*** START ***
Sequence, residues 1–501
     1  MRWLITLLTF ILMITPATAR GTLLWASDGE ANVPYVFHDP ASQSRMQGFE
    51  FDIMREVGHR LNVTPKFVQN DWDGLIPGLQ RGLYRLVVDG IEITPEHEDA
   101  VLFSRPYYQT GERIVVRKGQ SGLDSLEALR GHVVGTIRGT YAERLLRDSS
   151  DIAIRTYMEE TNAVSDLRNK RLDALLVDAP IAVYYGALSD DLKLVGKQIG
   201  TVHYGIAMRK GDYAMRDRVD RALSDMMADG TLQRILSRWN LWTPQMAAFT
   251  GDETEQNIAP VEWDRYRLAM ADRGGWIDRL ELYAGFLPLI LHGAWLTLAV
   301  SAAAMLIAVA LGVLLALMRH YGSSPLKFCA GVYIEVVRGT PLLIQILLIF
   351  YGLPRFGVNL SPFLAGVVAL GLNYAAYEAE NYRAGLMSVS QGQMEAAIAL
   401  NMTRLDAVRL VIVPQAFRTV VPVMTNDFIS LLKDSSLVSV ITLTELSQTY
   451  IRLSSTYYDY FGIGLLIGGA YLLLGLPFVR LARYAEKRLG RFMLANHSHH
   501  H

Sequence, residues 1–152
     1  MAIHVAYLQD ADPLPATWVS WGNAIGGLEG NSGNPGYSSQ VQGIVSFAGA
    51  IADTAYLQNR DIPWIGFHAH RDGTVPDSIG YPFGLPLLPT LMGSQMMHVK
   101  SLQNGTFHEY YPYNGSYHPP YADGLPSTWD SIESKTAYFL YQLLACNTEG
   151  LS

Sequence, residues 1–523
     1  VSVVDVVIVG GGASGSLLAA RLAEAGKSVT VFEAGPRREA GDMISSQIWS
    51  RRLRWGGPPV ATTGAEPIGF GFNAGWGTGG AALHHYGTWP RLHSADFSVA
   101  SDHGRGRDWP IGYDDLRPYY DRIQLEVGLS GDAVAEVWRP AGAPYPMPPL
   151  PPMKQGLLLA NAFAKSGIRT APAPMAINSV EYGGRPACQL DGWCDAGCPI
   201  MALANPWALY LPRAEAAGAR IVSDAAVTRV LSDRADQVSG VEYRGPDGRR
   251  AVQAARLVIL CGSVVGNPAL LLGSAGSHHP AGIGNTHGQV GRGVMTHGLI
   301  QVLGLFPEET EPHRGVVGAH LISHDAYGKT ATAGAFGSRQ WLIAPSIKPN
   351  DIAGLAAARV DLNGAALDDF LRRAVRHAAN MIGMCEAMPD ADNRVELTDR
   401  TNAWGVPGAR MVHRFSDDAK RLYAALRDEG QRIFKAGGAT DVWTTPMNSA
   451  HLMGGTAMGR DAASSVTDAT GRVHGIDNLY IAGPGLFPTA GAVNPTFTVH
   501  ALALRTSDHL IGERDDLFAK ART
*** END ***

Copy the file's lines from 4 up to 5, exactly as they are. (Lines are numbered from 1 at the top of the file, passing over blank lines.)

   101  VLFSRPYYQT GERIVVRKGQ SGLDSLEALR GHVVGTIRGT YAERLLRDSS
   151  DIAIRTYMEE TNAVSDLRNK RLDALLVDAP IAVYYGALSD DLKLVGKQIG